Net interest margin (NIM) is the most widely used performance measure for commercial lending for community banks. Community banks are working hard to maintain NIM and thus profitability – or, so the thinking goes. In this article, we look at the latest 2021 correlation between NIM and profitability in the form of return on equity (ROE) and present how NIM is not only a predictor of UNDER-performance but is a contributing factor to bank failure.
The Data for Net Interest Margin
We looked at the average NIM and ROE for all operating banks in the country (4,973 of them) for the past ten years. We started with the thesis that the wider a bank’s NIM is, the more profitable the bank would be. We also looked at the NIM and ROE for almost 11,000 defunct banks (banks that were acquired or were in receivership through the FDIC) to see what that data told us.
Below is a graph of all the remaining banks in the country showing the last ten-year average NIM and ROA extracted from FDIC call report data. In the last ten years, the industry’s ROE has averaged 7.22%, and NIM has averaged 3.67%. Most pertinent is the correlation between NIM and ROE.
As can be seen below, the correlation is 0.29%, or basically not correlated at all. To put this in perspective, this means that NIM has about the same impact on ROE as your logo color (blue is best) or which way your branch doors face (south is best). Your management is far better off focusing on things like efficiency, fee income, and lifetime customer value.
Net Interest Margin is Worse Than You Thought
The above, however, is not the full analysis. By analyzing existing banks, we are analyzing some of the strongest and most successful banks in history. What about all the banks that no longer exist?
Below, is the data available for all defunct banks, almost 11,000 institutions that were acquired or failed. For this group of banks, the average NIM was 4.18%. When we look at the correlation between NIM and ROE we get a negative 11%. That is, for these defunct banks, higher NIM resulted in lower ROE.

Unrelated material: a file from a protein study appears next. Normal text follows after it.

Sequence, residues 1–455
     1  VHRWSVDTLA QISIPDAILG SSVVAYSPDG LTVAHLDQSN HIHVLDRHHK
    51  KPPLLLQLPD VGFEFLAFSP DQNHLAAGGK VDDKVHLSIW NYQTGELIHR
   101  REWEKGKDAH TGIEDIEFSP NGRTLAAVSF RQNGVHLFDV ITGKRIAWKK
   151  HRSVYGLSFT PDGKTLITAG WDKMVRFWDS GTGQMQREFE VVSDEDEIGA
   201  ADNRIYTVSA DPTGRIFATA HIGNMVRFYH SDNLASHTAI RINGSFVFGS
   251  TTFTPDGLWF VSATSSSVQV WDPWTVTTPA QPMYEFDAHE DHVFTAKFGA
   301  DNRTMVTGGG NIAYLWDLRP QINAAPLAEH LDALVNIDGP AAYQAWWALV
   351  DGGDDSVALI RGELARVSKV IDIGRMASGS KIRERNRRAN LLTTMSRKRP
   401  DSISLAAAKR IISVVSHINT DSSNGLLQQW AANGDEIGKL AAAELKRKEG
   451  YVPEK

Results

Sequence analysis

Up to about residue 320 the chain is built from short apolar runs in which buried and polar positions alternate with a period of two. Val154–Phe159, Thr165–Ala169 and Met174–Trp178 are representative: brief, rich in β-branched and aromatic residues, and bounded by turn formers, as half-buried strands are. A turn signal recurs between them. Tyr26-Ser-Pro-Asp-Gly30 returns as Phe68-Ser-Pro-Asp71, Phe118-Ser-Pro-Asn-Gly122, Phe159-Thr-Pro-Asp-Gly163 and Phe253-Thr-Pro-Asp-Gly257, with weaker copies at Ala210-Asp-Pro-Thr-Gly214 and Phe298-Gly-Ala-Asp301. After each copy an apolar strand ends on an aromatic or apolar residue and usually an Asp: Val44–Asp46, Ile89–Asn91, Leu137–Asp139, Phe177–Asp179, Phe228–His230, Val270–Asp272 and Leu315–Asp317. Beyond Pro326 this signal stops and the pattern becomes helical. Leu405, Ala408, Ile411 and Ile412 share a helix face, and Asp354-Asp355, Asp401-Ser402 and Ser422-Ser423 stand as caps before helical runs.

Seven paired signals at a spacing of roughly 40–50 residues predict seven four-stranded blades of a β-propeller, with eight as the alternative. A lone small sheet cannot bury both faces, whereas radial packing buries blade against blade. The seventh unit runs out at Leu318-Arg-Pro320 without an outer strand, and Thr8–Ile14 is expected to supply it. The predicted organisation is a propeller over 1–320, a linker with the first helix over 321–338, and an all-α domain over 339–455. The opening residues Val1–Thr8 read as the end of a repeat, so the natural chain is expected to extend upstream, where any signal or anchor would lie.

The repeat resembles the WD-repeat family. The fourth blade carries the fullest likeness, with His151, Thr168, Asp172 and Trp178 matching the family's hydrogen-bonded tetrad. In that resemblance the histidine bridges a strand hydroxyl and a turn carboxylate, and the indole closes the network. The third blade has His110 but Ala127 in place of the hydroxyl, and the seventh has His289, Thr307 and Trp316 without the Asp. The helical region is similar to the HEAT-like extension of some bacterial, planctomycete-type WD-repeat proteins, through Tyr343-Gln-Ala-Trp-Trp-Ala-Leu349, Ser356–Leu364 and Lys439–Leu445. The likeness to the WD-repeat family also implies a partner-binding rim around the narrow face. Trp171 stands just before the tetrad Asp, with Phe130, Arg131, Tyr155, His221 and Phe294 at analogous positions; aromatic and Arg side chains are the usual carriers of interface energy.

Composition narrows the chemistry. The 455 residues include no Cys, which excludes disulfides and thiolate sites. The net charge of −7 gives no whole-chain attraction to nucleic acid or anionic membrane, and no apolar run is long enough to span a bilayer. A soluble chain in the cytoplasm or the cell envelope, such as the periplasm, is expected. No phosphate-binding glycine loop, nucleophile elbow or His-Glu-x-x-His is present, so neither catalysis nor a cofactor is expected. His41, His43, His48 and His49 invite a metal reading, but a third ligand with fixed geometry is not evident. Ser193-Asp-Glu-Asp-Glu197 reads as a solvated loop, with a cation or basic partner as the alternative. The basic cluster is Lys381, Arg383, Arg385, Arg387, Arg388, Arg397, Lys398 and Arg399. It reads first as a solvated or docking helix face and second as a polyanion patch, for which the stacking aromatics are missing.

Why Chasing NIM is Fool’s Gold
NIM is not a strong predictor of ROE for three material reasons.
- Does not consider risk
- The metric does not consider customer lifetime profitability
- NIM does not take into account expenses such as acquisition or processing cost
Let’s just focus on credit risk for a moment. The graph below shows that when credit risk is low, as it was in 2014 for example, net interest margin can explain approximately 30% of ROE. However, as credit quality decreases, as it did in 2011 on the graph, NIM explains very little and if failed banks are included in the analysis, has an inverse impact on profitability.
Construction loans, loans to inexperienced sponsors, and warehouse lines, for example, help NIM and perform fine when the economy is improving, but when a credit shock occurs, can be disastrous. Likewise, loans under three years in term, small loans under $400,000, and complex loans with high handling costs are all likely to garner higher than average net interest margin but often underperform due to high operating costs relative to revenue.
Finally, the largest predictor of ROE is customer profitability. What banks want is the highest and longest set of cash flows at the lowest cost and risk. If banks can get a wide risk-adjusted margin, great, it should. However, it is these borrowers that are the most competitive. A bank would rather deploy capital and have the option of improving the profitability over the life of the customer than having that capital sit idle earning the Fed Funds rate.
Conversely, banks that draw a minimum net interest margin have a higher probability of getting adversely selected. Quality borrowers often have other options and will tend to gravitate to a bank that can be competitive.
The current reality in banking is that very few banks have a robust and strictly applied RAROC (risk-adjusted return on capital) modeling system. This is why you often see large pricing differences between banks.
When banks focus on nominal NIM, other aspects of the loan are overlooked. For example, higher NIM may be obtained, but other aspects of the loan detract from ROE. The loan may be smaller, the credit quality lower, the relationship and cross-sell opportunities diminished, the customer lifetime value is lower, or there may be substantial interest rate risk (or other non-compensable risks).
To produce above-average profitability, banks want to build a portfolio of long and profitable relationships. Banks that focus on NIM often end up with a higher number of small, short, and riskier relationships.
We continue to see where the current misplaced emphasis on NIM is setting up some banks for challenging circumstances in the future. If the credit environment deteriorates or interest rates increase (both scenarios are predicated), the higher NIM will not offset lesser credit quality or declining revenue from rising deposit costs. To increase performance, banks should embrace a more nuanced view of loan pricing and consider factors beyond NIM.